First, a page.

The Copenhagen Zoo’s decision to euthanize–aka put a bullet in the head of Marius, one of its giraffe–has caused outrage.
The killing was done because the zoo has an agreement with the European Breeding Programme for giraffe. It is not possible to transfer the giraffe to another zoo as it will cause inbreeding.
The euthanasia has given rise to a number of questions which Zoo.dk has forwarded to the Zoo’s Scientific Director Bengt Holst.
Here are his answers to questions raised about the decision to put down Marius.
“Why does Copenhagen Zoo euthanize a healthy giraffe? “
”Copenhagen Zoo’s giraffes are part of an international breeding programme which aims at ensuring a healthy giraffe population in European zoos. This is done by constantly ensure that only unrelated giraffes breed so that inbreeding is avoided. If an animal’s genes are well represented in a population further breeding with that particular animal is unwanted. As this giraffe’s genes are well represented in the breeding programme and as there is no place for the giraffe in the Zoo’s giraffe herd the European Breeding Programme for Giraffes has agreed that Copenhagen Zoo euthanize the giraffe. This is a situation that we know from other group animals that breed well. When breeding success increases it is sometimes necessary to euthanize.
We see this as a positive sign and as insurance that we in the future will have a healthy giraffe population in European zoos. The same type of management is used in deer parks where red deer and fallow deer are culled to keep the populations healthy. The most important factor must be that the animals are healthy physically and behaviourally and that they have a good life whilst they are living whether this life is long or short. This is something that Copenhagen Zoo believes strongly in.
”Why are the giraffes not given contraceptives?”
“In Copenhagen Zoo we let the animals breed naturally. With naturally we mean that they will get young within the same intervals as they would in the wild. That means that the animals get to carry out their natural behaviours. Parental care is a big part of an animal’s behaviour. It is a 24 hour job in longer periods of their lives and we believe that they should still be able to carry out this type of behaviour also in captivity. Contraceptives have a number of unwanted side effects on the internal organs and we would therefore apply a poorer animal welfare if we did not euthanize.”
“Why not transfer the giraffe to a zoo which is not part of the breeding programme or to a zoo that is interested in getting a giraffe?”
“Only zoos that follow certain rules can be part of international breeding programmes. In Europe this is only the zoos that are members of the European Association of Zoos and Aquaria (EAZA). EAZA is an association that counts just over 300 members.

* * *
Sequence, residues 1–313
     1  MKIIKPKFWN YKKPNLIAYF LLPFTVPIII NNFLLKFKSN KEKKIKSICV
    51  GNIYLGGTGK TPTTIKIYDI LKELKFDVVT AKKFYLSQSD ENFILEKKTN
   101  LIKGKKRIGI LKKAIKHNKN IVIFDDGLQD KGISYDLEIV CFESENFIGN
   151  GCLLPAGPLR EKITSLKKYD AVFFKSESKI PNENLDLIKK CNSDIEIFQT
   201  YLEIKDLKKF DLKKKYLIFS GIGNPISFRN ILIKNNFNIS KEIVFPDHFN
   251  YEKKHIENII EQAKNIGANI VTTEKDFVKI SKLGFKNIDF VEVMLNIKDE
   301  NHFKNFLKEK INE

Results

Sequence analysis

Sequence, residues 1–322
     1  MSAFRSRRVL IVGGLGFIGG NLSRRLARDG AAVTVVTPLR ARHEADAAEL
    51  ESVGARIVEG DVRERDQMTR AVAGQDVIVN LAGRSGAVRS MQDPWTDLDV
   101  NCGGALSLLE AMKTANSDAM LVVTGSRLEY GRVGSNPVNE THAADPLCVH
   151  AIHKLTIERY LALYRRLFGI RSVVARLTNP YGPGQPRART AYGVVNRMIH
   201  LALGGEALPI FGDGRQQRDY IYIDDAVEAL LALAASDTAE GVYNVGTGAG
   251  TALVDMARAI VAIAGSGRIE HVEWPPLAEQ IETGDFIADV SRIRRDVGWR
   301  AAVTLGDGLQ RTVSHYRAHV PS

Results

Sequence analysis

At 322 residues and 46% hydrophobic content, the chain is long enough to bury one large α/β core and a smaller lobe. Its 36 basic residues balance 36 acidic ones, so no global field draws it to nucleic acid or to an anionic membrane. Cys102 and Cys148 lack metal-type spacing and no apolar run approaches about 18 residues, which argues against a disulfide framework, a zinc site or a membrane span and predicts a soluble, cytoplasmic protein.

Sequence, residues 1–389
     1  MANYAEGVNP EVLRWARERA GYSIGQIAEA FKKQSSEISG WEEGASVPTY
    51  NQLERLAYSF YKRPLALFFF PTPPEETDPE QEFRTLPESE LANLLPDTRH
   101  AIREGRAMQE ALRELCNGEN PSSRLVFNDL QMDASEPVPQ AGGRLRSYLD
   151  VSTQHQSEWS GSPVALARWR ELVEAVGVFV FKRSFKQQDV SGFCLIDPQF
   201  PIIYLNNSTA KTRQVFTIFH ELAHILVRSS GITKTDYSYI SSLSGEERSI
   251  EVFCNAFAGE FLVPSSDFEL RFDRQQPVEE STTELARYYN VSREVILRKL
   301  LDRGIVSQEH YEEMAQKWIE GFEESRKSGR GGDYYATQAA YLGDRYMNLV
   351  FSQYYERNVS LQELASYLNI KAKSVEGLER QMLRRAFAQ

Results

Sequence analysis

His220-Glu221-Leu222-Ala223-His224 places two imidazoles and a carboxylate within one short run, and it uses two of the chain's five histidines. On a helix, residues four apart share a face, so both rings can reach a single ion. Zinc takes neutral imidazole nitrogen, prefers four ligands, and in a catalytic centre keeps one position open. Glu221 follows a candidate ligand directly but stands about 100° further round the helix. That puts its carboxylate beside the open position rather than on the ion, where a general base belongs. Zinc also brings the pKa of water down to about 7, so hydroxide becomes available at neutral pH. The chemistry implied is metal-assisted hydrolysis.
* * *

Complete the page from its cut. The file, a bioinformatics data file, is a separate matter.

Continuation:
As a member of EAZA you agree to the following rules of not selling animals, working on a scientific basis and ensuring animal welfare. The international breeding programmes are fully controlled and open and are collaborations between institutions that follow from the same set of rules. This is important for the breeding programmes to work.”
”Why can’t the giraffe be released in the wild?”
“It is not easy to reintroduce an animal to the wild. Many factors have to be considered and these are described in detail in IUCNs Reintroduction Guidelines (IUCN: International Union for Conservation of Nature). You can not just set animals ‘free’ if there is no possibility of them surviving. First of all you have to consider what made the animal endangered in the first place and whether this is still the case.
Another important factor is local support as it is the local community that has to live with the animals. Unless it is part of an official release program animals are not reintroduced and currently there are no release programmes for giraffes. Should this become the case in the future then it is not just any giraffe that will be reintroduced. The natural habitats will be full of dangers and challenges so animals that are part of a reintroduction programme will be carefully selected to increase the chance of survival.
”What will Copenhagen Zoo do with the dead giraffe?”
”After euthanasia the giraffe will be autopsied as we do with all our animals. That way we will collect important knowledge about the giraffe – knowledge that can benefit other giraffes. In this case the giraffe’s carcass will be use as food for the zoo’s carnivores. When animals are euthanized with an overdose of aesthetic it is not possible to use the remains for food. But in this case as the giraffe will be anaesthetized and then put down with a bolt pistol (same procedure as with horses and cows) it can be given to the carnivores.”